A series of recent extreme weather conditions worldwide, including the long-lasting heat waves across the northern hemisphere, have served as a dreadful warning on climate change and intensified the urgency to tackle the global problem.
Since the start of this summer, a number of countries and regions have suffered from scorching temperature, drought, heavy rainfall, flood and snowstorm, which have led to various disasters and incidents that severely impacted the lives of people.
Meteorologists are deeply worried, so do the general public. Experts said global warming is the major cause of extreme weather conditions, and warned about further consequences if the current situation doesn't change.
Climate change is more real than ever. It's time to walk the talk.
GLOBAL WARMING IS MAJOR CULPRIT
Deadly flash flood following continuous heat waves in the U.S. State of Arizona, frequent wildfire breakouts in British Columbia of Canada, persistent drought in Italy and Spain, unusual heavy snowfall in the capital of Chile, are among the worrisome weather conditions that have swept across the globe recently.
According to the latest study of the World Meteorological Organization (WMO), global warming, not El Nino, remains the main reason for the recent extreme weather conditions worldwide.
Using the climate assessment models of the Intergovernmental Panel on Climate Change, the WMO predicted that if greenhouse gas emissions continue to increase, the Earth's average global surface temperature could rise more than 4 degrees Celsius by the end of the century, meaning more intense heat waves and more extremely hot days and nights ahead.
The study, which was released this week, warned that many of the assessed cities could see their maximum daily temperatures in summer rise by as much as 6 to 9 degrees Celsius by the year 2100. Paris, for example, will see its average summer daily highs to rise to 29.2 degrees Celsius from 22.7 degrees.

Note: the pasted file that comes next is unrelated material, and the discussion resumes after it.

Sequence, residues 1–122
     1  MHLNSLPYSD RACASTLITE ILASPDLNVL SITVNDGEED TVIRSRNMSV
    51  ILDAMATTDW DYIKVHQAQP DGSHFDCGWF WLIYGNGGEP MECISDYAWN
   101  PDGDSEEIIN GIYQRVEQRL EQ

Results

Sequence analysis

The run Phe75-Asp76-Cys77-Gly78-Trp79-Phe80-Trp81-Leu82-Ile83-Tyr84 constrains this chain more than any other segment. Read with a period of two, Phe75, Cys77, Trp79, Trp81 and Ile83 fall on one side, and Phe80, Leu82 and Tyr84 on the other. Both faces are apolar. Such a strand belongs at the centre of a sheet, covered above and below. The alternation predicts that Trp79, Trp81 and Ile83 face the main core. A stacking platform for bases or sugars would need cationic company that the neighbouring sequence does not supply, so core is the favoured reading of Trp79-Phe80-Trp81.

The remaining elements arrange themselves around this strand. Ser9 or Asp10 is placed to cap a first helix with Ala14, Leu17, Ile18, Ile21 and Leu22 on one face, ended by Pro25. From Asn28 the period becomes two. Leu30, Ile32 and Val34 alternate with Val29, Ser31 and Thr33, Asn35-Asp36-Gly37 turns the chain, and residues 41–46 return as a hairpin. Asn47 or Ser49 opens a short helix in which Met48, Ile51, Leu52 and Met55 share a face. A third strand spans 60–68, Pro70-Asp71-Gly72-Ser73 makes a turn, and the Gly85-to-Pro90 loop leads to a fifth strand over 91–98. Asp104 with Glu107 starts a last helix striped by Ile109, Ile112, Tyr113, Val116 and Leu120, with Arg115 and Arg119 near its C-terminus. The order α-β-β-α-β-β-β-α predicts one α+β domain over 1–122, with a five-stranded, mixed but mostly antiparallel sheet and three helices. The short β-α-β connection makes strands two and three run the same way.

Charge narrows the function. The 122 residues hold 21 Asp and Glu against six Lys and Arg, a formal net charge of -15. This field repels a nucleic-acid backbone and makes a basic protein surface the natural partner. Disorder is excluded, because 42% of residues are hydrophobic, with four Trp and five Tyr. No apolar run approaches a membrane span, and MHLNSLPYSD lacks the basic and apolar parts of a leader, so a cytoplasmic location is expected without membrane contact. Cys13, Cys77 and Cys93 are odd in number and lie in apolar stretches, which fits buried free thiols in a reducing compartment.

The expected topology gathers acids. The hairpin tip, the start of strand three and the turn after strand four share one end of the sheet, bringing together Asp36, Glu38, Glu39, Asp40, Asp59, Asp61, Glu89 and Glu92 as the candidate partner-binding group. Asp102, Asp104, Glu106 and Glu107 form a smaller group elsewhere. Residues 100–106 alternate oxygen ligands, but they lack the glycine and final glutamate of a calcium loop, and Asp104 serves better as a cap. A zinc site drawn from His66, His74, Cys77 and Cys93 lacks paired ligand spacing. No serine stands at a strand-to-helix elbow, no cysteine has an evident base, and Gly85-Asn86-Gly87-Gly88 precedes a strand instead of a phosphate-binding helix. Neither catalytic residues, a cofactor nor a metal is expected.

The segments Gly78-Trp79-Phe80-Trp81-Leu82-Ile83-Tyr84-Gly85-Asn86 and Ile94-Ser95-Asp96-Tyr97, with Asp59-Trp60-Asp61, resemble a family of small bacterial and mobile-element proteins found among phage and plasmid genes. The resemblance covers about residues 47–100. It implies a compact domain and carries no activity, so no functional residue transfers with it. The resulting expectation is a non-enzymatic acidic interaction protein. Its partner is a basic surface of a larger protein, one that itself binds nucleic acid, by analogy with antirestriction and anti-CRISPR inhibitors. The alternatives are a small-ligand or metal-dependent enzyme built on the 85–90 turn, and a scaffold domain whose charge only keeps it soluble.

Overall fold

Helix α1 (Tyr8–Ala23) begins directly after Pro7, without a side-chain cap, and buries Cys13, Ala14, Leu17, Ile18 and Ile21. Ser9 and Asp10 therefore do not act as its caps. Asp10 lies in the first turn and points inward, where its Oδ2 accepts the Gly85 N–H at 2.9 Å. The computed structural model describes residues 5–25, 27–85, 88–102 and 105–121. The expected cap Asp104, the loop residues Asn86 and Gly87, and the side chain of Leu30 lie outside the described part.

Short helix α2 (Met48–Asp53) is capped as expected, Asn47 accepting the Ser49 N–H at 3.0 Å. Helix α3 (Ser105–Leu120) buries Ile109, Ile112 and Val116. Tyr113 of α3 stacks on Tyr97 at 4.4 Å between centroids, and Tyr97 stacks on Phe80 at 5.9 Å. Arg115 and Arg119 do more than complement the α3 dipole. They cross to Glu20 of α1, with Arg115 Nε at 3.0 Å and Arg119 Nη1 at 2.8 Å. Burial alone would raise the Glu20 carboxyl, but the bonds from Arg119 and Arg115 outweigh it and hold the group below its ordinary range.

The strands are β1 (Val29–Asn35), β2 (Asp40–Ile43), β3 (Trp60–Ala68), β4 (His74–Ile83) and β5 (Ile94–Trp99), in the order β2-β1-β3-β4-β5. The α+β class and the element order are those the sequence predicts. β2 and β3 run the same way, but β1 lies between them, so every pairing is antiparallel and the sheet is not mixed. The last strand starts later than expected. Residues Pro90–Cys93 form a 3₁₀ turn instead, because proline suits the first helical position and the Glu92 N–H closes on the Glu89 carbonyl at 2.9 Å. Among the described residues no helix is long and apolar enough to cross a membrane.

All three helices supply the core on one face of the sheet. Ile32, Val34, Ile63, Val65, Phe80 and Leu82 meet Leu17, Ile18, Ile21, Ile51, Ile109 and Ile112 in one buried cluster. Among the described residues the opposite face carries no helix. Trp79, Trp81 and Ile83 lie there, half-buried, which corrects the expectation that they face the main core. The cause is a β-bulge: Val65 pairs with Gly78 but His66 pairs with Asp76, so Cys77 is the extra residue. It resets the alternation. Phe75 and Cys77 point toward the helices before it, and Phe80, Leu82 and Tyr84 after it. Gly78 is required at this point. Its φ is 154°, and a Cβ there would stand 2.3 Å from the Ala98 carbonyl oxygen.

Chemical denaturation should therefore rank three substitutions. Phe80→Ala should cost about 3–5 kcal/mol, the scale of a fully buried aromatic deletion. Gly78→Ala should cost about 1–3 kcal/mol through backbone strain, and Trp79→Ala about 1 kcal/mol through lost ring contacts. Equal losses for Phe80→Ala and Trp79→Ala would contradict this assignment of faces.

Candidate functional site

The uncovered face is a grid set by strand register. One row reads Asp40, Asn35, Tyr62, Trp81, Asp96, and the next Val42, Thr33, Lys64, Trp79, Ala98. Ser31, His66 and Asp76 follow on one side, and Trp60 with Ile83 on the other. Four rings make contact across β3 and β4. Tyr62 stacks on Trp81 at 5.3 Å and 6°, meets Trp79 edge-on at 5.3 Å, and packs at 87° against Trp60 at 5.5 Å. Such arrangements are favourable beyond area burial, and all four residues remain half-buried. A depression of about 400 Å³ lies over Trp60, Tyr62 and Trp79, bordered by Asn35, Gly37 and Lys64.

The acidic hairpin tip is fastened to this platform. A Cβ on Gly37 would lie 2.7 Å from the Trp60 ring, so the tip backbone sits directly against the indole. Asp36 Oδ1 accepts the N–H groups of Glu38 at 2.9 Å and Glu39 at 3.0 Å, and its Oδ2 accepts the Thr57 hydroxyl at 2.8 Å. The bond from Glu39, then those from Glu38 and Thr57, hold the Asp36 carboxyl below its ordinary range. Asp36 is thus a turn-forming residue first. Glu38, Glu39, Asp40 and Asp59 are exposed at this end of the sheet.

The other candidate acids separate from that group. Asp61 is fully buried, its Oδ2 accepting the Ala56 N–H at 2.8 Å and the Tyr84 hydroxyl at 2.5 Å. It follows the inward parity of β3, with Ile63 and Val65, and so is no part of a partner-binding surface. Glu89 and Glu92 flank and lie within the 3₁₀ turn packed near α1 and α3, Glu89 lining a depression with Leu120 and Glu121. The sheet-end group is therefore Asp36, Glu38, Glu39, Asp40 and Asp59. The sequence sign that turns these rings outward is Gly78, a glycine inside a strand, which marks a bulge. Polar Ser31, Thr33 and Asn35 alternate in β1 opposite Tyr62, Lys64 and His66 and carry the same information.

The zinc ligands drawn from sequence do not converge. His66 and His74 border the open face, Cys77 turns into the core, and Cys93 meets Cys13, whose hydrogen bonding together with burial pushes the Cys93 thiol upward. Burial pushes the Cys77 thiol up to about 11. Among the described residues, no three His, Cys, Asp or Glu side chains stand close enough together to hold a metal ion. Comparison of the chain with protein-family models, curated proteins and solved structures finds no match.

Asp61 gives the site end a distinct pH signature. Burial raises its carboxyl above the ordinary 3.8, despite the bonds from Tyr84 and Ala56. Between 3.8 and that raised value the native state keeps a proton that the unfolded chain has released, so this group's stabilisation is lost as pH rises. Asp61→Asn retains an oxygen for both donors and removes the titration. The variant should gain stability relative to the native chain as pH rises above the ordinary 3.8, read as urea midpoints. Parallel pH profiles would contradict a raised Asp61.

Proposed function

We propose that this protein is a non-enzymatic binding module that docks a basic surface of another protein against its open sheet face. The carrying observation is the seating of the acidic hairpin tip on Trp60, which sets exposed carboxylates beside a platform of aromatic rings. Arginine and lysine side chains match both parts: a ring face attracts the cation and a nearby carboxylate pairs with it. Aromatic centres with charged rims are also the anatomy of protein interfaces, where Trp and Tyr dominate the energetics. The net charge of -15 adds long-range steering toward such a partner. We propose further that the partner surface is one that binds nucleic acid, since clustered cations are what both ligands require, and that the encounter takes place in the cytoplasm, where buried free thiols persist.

Despite speculations that the recent extreme weather conditions had links to El Nino effects, the WMO clarified in early July that it was not. Statistics from the UN agency show that atmospheric patterns in the east-central equatorial Pacific have continued to reflect neutral El Nino-Southern Oscillation conditions.
"Even without a strong El Nino in 2017, we are seeing other remarkable changes across the planet that are challenging the limits of our understanding of the climate system. We are now in truly uncharted territory," said World Climate Research Program Director David Carlson.
Extreme weather is not the only signal on climate change. One of the biggest recorded iceberg broke off Antarctica's Larsen C ice shelf in recent days, as another reminder of the continent's rapid change.
Human-induced climate change has the power to cause a significant rise in sea levels over the next 100 years, said Dr. Valerie Masson-Delmotte, a climate scientist from the Intergovernmental Panel on Climate Change.
PARIS ACCORD NEEDS INSTANT ACTION
Few would deny the imminent danger of climate change nowadays. Unfortunately, concerted efforts from all parties in the international community are still lacking, despite such a precarious situation.
The landmark Paris Climate Agreement, signed in late 2015 by 195 economies, used to greatly boost global confidence in cracking the hard nut. The accord aims to cut greenhouse gas emissions in a way to keep the rise in the average temperature by no higher than 2 degrees Celsius above pre-industrial levels.
The implementation of the high-profile accord has, however, been severely hindered by the inconstancy of some parties, especially reflected in the case of U.S withdrawal from the accord in early June.
Even facing mounting criticism, U.S. President Donald Trump hasn't turned around just yet. At the G20 Hamburg Summit earlier this month, major world leaders didn't manage to reach consensus on climate change, with Trump's stance at odds with the other 19.
But, there seems to be a silver lining.
Last week, Trump hinted a possible change in his position over the Paris climate accord from which he withdrew weeks ago. "Something could happen with respect to the Paris accord, let's see what happens," said Trump.
Such uncertainty is not enough. As the world struggles to deal with such a challenging issue, its largest economy, also the second-largest emitter, should play a key role in the center, instead of walking away on its lonely road.
Some have turned to the UN global climate conference to be held in Bonn later this year for potential progress on the implementation of the Paris accord, and whether the United States returns to the accord remains to be seen. Anyhow, the world can't wait long.